HFD-induced vagal remodeling in the NTS and DMV was suppressed by minocycline. Binary analysis of the area fraction of IB4-labeled vagal afferents in the intermediate NTS and DMV revealed significant differences in the density of labeled afferent terminals between rats fed different diets. After 7 days HFD decreased the total IB4 labeling in the NTS (p<0.001) and the DMV (p<0.05) with compare to LFD (A, B–E). This effect was dampened by minocycline treatment only in the NTS but failed to reach significance. At day 21, we observed significant increase in density of IB4-labeled vagal afferents projecting to the NTS (p<0.001) and DMV (p<0.01) in HFD rats with compare to LFD rats (A, F–I). This effect was significantly decreased in both the NTS (p<0.001) and DMV (p<0.01) by minocycline treatment (A, F–I). There were no significant differences between LF_Saline and LF_Mino rats at any studied time point. Bars represent the average value ±SEM; a, b – different letters denote significant differences. NTS: nucleus of the solitary tract; DMV: dorsal motor nucleus of the vagus; AP: area postrema; scale bar=200 μm.

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Fig. 6.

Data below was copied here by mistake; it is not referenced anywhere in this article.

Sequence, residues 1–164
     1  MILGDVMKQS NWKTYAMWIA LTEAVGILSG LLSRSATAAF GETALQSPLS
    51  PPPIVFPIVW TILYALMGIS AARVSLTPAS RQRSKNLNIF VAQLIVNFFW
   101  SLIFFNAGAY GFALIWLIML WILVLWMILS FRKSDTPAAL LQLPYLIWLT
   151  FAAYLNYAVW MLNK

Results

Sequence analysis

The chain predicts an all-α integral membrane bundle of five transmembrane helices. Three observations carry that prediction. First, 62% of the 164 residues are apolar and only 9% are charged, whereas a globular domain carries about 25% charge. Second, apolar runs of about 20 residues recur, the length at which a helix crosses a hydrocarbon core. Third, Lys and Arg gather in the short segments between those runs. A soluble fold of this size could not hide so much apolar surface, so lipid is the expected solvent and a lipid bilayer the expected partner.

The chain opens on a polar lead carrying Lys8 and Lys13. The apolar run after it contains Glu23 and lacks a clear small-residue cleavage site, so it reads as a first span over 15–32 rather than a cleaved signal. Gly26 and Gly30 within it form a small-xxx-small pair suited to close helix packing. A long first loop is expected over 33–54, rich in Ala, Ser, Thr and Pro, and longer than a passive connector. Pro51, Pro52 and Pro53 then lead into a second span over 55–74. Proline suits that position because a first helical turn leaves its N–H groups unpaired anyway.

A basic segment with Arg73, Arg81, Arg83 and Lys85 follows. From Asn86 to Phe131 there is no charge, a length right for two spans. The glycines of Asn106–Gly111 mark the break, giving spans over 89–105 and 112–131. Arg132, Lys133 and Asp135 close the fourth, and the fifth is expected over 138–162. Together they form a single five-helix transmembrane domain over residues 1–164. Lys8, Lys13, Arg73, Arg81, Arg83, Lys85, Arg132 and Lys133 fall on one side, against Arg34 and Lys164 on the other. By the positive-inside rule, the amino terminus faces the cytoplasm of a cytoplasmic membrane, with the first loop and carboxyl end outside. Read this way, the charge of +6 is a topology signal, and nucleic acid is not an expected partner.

Gram-negative bacteria isolated from HFD rats significantly reduced the number of NG neurons in culture. Co-culture of NG primary sensory neurons isolated from LFD rats with Streptococcus mitis, Lactobacillus animalis or Enterococcus faecalis (B, D and E respectively; Firmicutes, Bacilli, Lactobacillales) isolated from HFD rats did not change the number of surviving neurons with compare to NG cultures without the bacteria (A, F). Adding Proteus mirablis (C; Proteobacteria, Gammaproteobacteria, Enterobacteriales), isolated from HFD rats, to NG cultures from LFD rats induced a dramatic loss of primary sensory neurons with compare to NG cultures without the bacteria (A, F, p<0.05). Inserts show high magnification images from the same section demonstrating neuronal morphology. Scale bar=200 μm or 20 μm in inserts. Bars represent the average value ±SEM; a, b – different letters denote significant differences.